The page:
Out of curiosity, given your support for states rights, I am curious about your feelings on the Republican healthcare bill that got voted down last week. Specifically, its provisions for tort reform place an enormous mandate on state governments by telling them where they must cap non-economic damages and how long their statutes of limitations on medical malpractice claims must be. I found this to be a rather jarring intrusion into state sovereignty. It seems to me that if New Jersey or Texas or Georgia want to have a longer statute of limitations or a higher cap on non-economic damages, they should be allowed to do so. Even if tort reform is an important goal, isn’t the entire point of states’ rights supposed to be to let the states decide how they want to set their own laws on matters like this?

      Malpractice is an area of law that has historically always been left to the states, and it’s rather difficult for me to understand how some Republicans will complain about federal intrusion into state sovereignty in the Democratic healthcare bill while ignoring the fact that their own alternative bill would impose a similar intrusion.

      It’s politics, pure and simple. At this time, it’s rather unfortunate but true that the GOP has to take the radical left approach and turn it into essentially a left-of-center approach to be considered in this Congress.

      Ideally, I think you’re absolutely right that the States ought to be making decisions regarding the “how” of dealing with domestic issues.

      -Phil

  4. kj says:
    November 12, 2009 at 12:36 pm
    *This information and the number of years residence could be included on the primary ballots with the candidates names. *

    We shouldn’t pay to spoon-feed voters who are too lazy to learn about the candidates before they go to the voting booth. Presidential campaigns start at least 18 months before the primaries, plenty of time to learn about the candidates and decide. Show of hands – who in 2007 didn’t know Barack Obama was born and raised in Hawaii and John Sidney was born in Panama?

  5. Well let’s see, Hutchison said she was going to resign her seat in fall of 2009 as she runs for Gov of Texas. 4 more weeks and it will be winter. She’s into her 3rd term, as a show of good faith, she should resign immediately. Tom Coburn is also in his 3rd term, he should set a good example and resign.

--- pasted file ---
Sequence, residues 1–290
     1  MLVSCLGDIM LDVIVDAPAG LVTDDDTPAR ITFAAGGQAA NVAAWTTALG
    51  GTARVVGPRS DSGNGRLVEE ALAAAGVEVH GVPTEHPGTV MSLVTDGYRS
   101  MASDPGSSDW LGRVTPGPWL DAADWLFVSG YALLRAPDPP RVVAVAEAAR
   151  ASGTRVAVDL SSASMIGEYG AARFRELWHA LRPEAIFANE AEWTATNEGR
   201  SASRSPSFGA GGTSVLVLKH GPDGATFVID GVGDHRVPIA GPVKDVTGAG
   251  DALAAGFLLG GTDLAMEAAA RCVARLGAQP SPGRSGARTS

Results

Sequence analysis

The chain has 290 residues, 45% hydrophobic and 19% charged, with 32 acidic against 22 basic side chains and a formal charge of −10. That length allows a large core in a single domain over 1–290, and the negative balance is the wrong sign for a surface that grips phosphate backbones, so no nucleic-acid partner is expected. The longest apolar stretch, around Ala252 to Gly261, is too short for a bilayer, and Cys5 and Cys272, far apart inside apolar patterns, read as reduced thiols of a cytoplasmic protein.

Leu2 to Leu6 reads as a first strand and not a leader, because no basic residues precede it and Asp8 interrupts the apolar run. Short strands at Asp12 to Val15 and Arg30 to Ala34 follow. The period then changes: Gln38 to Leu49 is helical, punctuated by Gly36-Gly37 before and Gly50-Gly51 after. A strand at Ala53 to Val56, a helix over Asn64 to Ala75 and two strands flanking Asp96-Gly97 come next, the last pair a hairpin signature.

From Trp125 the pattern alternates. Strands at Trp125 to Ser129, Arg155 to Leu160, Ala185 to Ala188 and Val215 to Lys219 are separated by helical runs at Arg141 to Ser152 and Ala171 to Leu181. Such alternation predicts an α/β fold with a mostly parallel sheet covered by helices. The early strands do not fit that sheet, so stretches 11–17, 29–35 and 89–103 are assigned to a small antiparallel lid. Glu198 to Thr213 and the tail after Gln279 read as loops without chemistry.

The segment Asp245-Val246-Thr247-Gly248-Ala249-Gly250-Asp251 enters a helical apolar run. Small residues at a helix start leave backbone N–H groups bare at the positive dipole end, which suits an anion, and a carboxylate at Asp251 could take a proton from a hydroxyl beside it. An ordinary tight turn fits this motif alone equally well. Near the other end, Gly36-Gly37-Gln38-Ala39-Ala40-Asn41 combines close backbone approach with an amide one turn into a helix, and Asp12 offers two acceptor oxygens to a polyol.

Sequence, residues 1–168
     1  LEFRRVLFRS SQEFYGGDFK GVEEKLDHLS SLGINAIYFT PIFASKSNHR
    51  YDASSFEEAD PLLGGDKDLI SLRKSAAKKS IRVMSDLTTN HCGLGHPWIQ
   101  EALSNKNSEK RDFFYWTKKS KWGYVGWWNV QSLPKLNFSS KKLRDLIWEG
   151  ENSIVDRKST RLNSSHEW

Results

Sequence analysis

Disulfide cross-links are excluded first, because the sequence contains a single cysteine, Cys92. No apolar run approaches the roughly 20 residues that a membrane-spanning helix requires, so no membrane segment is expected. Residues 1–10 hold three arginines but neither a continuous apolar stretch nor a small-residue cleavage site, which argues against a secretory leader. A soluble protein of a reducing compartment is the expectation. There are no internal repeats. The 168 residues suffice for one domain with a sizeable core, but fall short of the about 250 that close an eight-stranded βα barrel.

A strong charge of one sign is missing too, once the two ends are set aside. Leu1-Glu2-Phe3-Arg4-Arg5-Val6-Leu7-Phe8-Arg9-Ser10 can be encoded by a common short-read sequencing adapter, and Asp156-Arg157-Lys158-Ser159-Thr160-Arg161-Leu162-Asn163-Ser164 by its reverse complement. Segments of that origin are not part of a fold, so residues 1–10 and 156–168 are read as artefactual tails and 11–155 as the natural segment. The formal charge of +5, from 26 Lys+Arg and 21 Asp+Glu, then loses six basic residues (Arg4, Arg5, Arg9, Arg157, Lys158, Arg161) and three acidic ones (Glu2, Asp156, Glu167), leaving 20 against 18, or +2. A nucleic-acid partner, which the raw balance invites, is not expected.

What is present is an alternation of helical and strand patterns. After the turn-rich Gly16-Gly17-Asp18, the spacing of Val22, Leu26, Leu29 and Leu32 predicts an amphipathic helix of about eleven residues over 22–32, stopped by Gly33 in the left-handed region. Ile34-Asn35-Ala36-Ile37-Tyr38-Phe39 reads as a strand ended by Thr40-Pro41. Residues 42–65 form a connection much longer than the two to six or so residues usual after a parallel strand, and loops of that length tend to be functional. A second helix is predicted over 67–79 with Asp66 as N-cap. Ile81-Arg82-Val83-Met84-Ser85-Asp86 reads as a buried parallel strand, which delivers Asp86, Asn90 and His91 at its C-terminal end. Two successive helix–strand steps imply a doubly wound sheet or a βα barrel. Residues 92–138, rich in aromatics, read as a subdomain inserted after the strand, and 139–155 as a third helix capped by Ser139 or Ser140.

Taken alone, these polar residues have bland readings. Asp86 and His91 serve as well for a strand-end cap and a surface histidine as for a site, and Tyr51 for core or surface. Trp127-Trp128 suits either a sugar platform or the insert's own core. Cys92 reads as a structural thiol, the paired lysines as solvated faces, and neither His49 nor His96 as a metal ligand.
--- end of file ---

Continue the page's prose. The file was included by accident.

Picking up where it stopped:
6. Resisting federal gun laws to allow the states to muster militias would be something that the founders would definitely have supported.

  7. Phil,

    The Constitution does not provide for state enforcement of the “natural-born citizen” clause, so any enforcement will have to come from Congress.

    How about the states requiring candidates to show proof of where and when they were born (with the nationalities of their parents)? This information and the number of years residence could be included on the primary ballots with the candidates names. At least the voters would know what they were voting for. Eligibility information could be listed above the candidates on the ballot and a similar approach to candidate listing could be applied to all other candidates on the ballot. The ballot would be only a little longer, maybe 15%?

    What about the removal of ineligible candidates from the ballot for the last election? No one has challenged the states for the removal of Roger Calero’s name. If ineligible candidate removal from the ballot has been a common practice in the past, wouldn’t it be supported by precedent?

    1. kj,

      Phil,

      The Constitution does not provide for state enforcement of the “natural-born citizen” clause, so any enforcement will have to come from Congress.

      How about the states requiring candidates to show proof of where and when they were born (with the nationalities of their parents)? This information and the number of years residence could be included on the primary ballots with the candidates names. At least the voters would know what they were voting for. Eligibility information could be listed above the candidates on the ballot and a similar approach to candidate listing could be applied to all other candidates on the ballot. The ballot would be only a little longer, maybe 15%?

      What about the removal of ineligible candidates from the ballot for the last election? No one has challenged the states for the removal of Roger Calero’s name. If ineligible candidate removal from the ballot has been a common practice in the past, wouldn’t it be supported by precedent?

      What you had quoted was a part of the original FreeRepublic posting.

      Knowing what I know now, I would suggest that the enforcement of presidential eligibility — per a reading of the actual SCOTUS opinion — would more than likely have standing with the States.

      Again, it’s the argument of the extent of “sole” power of enforcement, and I don’t see anywhere that states that only Congress has this sole power.

      -Phil